Kindle will be history within a year

As sick as I am of hearing about the underwhelming Wolfram Alpha, I’m even more sick of hearing about the product-that-shouldn’t-be, Amazon’s Kindle.  This machine is destined to be obsolete within a year, so Amazon should quick-like get back to ecommerce and leave hardware to companies that know something about it.

Here’s my problem with the Kindle: when I look at it, I think “that’d be cool if I could also browse the web on it, watch movies on it, play music on it, or use it as a digital picture frame,” but despite it being essentially a small computer, it won’t do any of those things.  A netbook can do all of these things, and it costs less.  

For a few laughs, let’s look at Amazon’s pitch for their latest model, the Kindle DX:

  • Holds up to 3,500 books, periodicals, and documents – Amazon downplays the fact that this is only 4GB of storage, a pathetic number for any modern netbook.
  • Beautiful Large Display: 9.7″ diagonal e-ink screen reads like real paper; boasts 16 shades of gray for clear text and sharp images – Are you kidding me?  16 shades of gray?  Sure, that’s better than the Newton, but this isn’t 1992, guys.  Any modern netbook offers 32 bit color, giving millions of colors.  If I want to read a text book or a blog post on my Kindle DX, you better believe I want color.
  • Auto-Rotating Screen: Display auto-rotates from portrait to landscape as you turn the device so you can view full-width maps, graphs, tables, and Web pages – We’re only down to the third bullet point, and this is the best you can do?  This is truly trivial, and easy to do on a netbook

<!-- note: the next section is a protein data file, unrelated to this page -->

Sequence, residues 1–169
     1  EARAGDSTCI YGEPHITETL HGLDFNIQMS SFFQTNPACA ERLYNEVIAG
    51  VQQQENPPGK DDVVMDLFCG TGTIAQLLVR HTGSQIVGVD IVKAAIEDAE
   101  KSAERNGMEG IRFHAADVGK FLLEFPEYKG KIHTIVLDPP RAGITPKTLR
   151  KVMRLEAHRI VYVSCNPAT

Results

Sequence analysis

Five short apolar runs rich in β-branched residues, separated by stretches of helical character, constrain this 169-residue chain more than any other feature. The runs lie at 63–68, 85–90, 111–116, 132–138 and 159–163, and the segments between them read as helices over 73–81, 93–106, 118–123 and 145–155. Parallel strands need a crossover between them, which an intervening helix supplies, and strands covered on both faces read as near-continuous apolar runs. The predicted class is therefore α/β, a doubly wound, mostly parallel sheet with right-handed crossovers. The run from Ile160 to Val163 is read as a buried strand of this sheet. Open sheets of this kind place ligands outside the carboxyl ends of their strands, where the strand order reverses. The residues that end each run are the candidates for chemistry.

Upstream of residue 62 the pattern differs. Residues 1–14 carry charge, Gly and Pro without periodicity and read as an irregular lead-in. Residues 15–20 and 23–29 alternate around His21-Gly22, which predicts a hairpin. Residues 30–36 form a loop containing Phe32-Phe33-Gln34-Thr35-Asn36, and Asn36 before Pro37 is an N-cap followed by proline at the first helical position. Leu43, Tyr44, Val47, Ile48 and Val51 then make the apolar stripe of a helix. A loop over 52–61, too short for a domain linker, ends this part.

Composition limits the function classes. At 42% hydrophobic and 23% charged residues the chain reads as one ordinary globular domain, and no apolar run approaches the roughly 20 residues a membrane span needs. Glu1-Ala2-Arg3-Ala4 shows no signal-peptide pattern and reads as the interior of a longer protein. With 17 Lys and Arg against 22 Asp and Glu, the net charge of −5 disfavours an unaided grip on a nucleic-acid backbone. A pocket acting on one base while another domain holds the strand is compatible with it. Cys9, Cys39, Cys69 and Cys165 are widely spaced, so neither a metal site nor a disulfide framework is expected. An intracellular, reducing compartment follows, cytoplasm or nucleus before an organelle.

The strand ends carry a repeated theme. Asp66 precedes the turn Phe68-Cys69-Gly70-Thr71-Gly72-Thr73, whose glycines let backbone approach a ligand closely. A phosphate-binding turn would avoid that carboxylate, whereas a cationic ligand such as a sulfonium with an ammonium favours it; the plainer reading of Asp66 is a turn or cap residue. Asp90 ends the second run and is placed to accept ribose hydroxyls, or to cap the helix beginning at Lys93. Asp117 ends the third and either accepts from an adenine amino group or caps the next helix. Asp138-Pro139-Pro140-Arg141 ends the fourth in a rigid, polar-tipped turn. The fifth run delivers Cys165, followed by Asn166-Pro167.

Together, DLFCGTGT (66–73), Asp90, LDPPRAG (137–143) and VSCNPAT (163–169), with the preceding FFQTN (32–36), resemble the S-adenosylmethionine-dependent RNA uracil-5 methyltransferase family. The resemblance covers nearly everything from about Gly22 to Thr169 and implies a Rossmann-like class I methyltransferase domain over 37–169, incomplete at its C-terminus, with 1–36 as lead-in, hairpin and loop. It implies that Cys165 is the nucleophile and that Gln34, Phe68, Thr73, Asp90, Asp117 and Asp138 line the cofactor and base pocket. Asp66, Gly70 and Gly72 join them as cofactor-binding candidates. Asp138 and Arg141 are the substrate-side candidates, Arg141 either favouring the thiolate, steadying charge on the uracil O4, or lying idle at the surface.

• Built-In PDF Reader: Native PDF support allows you to carry and read all of your personal and professional documents on the go – PDF readers are free to download on any PC.  Just because this is better than the original Kindle doesn’t make it cool.
  • Wireless: 3G wireless lets you download books right from your Kindle DX, anytime, anywhere; no monthly fees, no annual contracts, and no hunting for Wi-Fi hotspots – if you really need to download a book while you’re outside of wi-fi range, apparently this is the device for you.  If you don’t have a Kindle, just download the book to your smartphone, then transfer it to your PC.  
  • Books In Under 60 Seconds: You get free wireless delivery of books in less than 60 seconds; no PC required – You can also download an ebook to your netbook in less than 60 seconds, no Kindle required.  Fail.
  • Long Battery Life: Read for days without recharging – Who reads for more than a couple hours at a time, anyway?  Non-problem solved.
  • Read-to-Me: With the text-to-speech feature, Kindle DX can read newspapers, magazines, blogs, and books out loud to you, unless the book’s rights holder made the feature unavailable – Now you can have A Brief History of Time read to you in the author’s own voice.  Awesome! 
  • Big Selection, Low Prices: Over 275,000 books; New York Times Best Sellers and New Releases are only $9.99, unless marked otherwise – This has nothing to do with the device and will surely be available on any PC very soon.
  • More Than Books: U.S. and international newspapers including the New York Times and Wall Street Journal, magazines including The New Yorker and Time, plus popular blogs, all auto-delivered wirelessly – Again, I have a PC and a cool new thing called a “web browser” for this. 
The only things that make the Kindle superior to a PC for the purpose of reading are:
  • It’s lightweight with a super-compact form factor
  • Um…that’s about it.  I guess this isn’t much of a bulleted list.

And Amazon wants $489 for this piece of…technology.  For that kind of money I can almost get two netbooks, each of which have 9″ full color screens, 1GB RAM, 160GB hard drive, built-in webcams and mics, wifi, memory card slots, 3 USB ports,  and weigh in at 2.5 lbs (2 times the weight of the Kindle DX.)  With the Kindle, I can read an ebook.  With two netbooks, my wife and I could video conference with the in-laws, watch movies (chick flick for her, dude flick for me), organize our photos, play online games against each other, or…we could read ebooks.  Where to spend the money is pretty obvious to me.